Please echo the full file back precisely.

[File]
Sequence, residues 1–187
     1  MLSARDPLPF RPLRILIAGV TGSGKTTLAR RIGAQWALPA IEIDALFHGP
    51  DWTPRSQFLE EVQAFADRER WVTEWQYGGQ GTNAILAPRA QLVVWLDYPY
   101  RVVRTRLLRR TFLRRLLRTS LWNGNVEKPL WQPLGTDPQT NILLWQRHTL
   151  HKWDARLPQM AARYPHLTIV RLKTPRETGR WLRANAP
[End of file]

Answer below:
Sequence, residues 1–187
     1  MLSARDPLPF RPLRILIAGV TGSGKTTLAR RIGAQWALPA IEIDALFHGP
    51  DWTPRSQFLE EVQAFADRER WVTEWQYGGQ GTNAILAPRA QLVVWLDYPY
   101  RVVRTRLLRR TFLRRLLRTS LWNGNVEKPL WQPLGTDPQT NILLWQRHTL
   151  HKWDARLPQM AARYPHLTIV RLKTPRETGR WLRANAP